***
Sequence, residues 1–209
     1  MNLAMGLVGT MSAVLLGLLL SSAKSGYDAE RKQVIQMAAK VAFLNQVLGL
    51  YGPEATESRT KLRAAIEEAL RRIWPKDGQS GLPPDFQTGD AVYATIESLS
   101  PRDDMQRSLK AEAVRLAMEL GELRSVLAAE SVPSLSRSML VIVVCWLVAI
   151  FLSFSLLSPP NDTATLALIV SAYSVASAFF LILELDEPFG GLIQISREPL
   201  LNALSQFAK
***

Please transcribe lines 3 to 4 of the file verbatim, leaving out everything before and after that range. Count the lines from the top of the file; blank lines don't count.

    51  YGPEATESRT KLRAAIEEAL RRIWPKDGQS GLPPDFQTGD AVYATIESLS
   101  PRDDMQRSLK AEAVRLAMEL GELRSVLAAE SVPSLSRSML VIVVCWLVAI